Here is what I found in the garden at present:
Still beautiful flowers, I love hydrangeas, especially the blue coloured types. These won’t need any attention as they are perennials, so they grow from year to year, all they might need is a little pruning.
more evidence of occupiers
Though the start of the summer brought very few insects, lately the garden has been full of them, bees, bumblebees, beetles, all sorts of flies, and so on, also the ants are ever present. The insect hotel has been quite occupied it seems and that is encouraging.
Ripening seeds of the evening primrose flowers
Seeds are starting to ripen. Here in the garden it is the evening primrose plant and the thistle especially that are ripening fast, both of which I want to save for sharing later with my local GIY group. The seeds of the thistle of course I grew especially for the gold finch, so far I have not seen any but the they will come, they do every year.
I used the last of my comfrey tea and the barrel is ready for another brew, fortunately the comfrey grows enormously fast and another large plant is ready to use to this end. The straw I have put in the two cold frames on top of cardboard, this will help to prepare the soil for next year, and keep stuff growing there. Montbretia flowers still brighten up corners here and there in the wild areas.
The garden is still gifting us with raspberries which are sweet and tasty, I also love the tansy flowers and of course the white hydrangeas at the back of the garden which this year are giving an amazing display.
This is an update of sorts, I needed to have this on record above all, and it has done me good, if anything, writing about my garden, and taking the photos is a really relaxing activity for me, I enjoy it very much and that has got to be good.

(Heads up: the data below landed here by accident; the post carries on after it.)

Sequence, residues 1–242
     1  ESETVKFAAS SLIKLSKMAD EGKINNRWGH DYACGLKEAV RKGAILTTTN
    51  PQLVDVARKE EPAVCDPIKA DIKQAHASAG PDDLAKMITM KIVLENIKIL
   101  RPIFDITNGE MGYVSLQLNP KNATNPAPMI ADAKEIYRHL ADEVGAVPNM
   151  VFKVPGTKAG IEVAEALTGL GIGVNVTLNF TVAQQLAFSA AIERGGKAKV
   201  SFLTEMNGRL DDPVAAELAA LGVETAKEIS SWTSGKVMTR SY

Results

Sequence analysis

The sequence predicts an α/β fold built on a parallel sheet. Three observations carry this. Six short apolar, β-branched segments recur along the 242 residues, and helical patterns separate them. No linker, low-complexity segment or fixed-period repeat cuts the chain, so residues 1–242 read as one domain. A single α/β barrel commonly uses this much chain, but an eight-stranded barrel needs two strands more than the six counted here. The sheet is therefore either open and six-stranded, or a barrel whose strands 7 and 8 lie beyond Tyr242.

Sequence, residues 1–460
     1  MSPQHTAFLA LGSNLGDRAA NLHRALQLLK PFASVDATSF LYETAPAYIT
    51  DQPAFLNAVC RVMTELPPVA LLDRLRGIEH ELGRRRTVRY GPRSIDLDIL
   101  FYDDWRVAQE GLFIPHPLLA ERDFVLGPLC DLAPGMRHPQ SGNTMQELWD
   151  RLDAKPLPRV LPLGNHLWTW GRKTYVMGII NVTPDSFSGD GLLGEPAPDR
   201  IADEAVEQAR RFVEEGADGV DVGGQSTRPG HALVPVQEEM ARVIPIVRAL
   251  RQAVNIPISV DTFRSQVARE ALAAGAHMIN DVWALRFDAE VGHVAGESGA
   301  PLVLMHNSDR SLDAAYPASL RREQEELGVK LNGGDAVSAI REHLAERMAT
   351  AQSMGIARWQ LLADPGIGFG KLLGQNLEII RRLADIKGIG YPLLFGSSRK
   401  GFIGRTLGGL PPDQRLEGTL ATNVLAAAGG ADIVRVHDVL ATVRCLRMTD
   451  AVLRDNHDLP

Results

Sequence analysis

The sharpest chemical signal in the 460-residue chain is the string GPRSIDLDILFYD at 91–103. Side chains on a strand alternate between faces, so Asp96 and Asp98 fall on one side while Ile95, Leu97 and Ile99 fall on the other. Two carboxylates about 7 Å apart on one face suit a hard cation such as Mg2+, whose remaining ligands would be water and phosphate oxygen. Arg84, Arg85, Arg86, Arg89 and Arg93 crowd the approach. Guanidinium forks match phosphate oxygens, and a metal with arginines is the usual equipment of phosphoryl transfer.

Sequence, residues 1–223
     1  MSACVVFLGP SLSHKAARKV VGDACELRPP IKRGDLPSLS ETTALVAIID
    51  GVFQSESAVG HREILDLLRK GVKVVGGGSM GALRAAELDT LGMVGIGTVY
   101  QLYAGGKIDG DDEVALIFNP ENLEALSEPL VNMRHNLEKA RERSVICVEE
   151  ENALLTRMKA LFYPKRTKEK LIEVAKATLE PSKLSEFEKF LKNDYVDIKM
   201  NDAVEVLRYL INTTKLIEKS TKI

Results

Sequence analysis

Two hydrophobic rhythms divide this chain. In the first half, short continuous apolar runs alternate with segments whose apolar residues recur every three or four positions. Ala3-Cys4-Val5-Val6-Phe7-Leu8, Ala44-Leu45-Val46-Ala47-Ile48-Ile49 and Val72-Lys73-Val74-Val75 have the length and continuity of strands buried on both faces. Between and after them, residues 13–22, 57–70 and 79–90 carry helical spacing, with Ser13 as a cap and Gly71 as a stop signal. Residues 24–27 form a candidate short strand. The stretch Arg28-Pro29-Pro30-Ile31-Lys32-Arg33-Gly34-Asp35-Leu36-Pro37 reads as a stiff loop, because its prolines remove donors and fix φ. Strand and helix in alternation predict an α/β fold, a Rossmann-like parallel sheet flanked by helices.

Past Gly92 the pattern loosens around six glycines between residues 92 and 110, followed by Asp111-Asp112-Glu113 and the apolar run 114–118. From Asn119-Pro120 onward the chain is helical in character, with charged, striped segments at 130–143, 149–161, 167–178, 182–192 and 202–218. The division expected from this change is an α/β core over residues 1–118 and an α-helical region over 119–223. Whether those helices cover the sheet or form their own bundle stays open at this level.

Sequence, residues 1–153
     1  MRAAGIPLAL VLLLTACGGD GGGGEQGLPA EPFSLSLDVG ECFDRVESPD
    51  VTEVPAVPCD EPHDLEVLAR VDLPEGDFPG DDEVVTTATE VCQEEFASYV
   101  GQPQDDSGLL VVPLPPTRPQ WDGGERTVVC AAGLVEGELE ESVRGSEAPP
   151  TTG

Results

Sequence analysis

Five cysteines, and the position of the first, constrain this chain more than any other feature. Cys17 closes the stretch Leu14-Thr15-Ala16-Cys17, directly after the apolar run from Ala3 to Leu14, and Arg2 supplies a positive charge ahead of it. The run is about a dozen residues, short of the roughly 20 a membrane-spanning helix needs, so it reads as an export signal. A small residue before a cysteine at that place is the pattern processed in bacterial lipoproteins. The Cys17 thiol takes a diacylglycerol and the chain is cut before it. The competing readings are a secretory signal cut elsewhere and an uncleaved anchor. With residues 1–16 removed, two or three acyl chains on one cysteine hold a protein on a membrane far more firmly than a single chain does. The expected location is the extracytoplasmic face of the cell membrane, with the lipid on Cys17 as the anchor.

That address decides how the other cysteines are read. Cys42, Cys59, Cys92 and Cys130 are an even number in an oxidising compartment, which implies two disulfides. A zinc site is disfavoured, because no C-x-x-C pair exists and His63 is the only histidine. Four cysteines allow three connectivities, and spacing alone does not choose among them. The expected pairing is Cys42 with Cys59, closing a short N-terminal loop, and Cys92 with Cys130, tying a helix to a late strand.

Yes, the crow family is well represented over and in our garden. They include rooks, jackdaws, and hooded crow. For the past month or so they have been very happy and today I counted two dozen in just ten minutes. We always had some crows but never as many. The reason for this much of a mob congregating in the garden is that I have changed our rubbish collection service a while back. I cancelled it. We never had that much anyway, and it was senseless to pay the standing charges when we can just as well do these things ourselves, recycle as much as is possible, use the compost heap for the rest, and only a tiny fraction has to be brought to the waste management place in Bantry or Schull.
So, coming to the crows, what attracts them in even greater numbers to the garden is that if I have food left over that needs getting rid of, or stale bread or so, I put it out there for them. Our waste does not contain meat, but if it did I believe that crows are omnivores anyway, so no worry. Sometimes I have fish skin and they even eat that, or maybe I am wrong and it is the cat next door that empties that little dish. All in all I love these guys coming around for their lunch, it makes the garden very lively for a little while, their shiny feathers beautiful in the sunlight. It works both ways, the crows get some of their food, and for me I do not have to deal with a smelly bin in the kitchen, however small.
My favourite is the hooded crow, they mostly use the fir tree at the back of the garden, even built a nest in it as far as I can see, high up. These birds, and also the blackbirds, doves, and a variety of smaller birds, bats, and insects find a fine feeding ground here in our garden, I am really happy for that. The cat next door, she comes to have a look everyday but I give her bits of food too so she won’t kill any of the smaller birds.
Congregating on top of the shed, waiting their turn to eat, maybe.
And more of them waiting in the birch tree closer to the house.
They sit and wait all over the place, while some of them are eating.
And this is the hooded crow, I love these birds, they are beautiful, I am very happy that they choose our garden to nest in.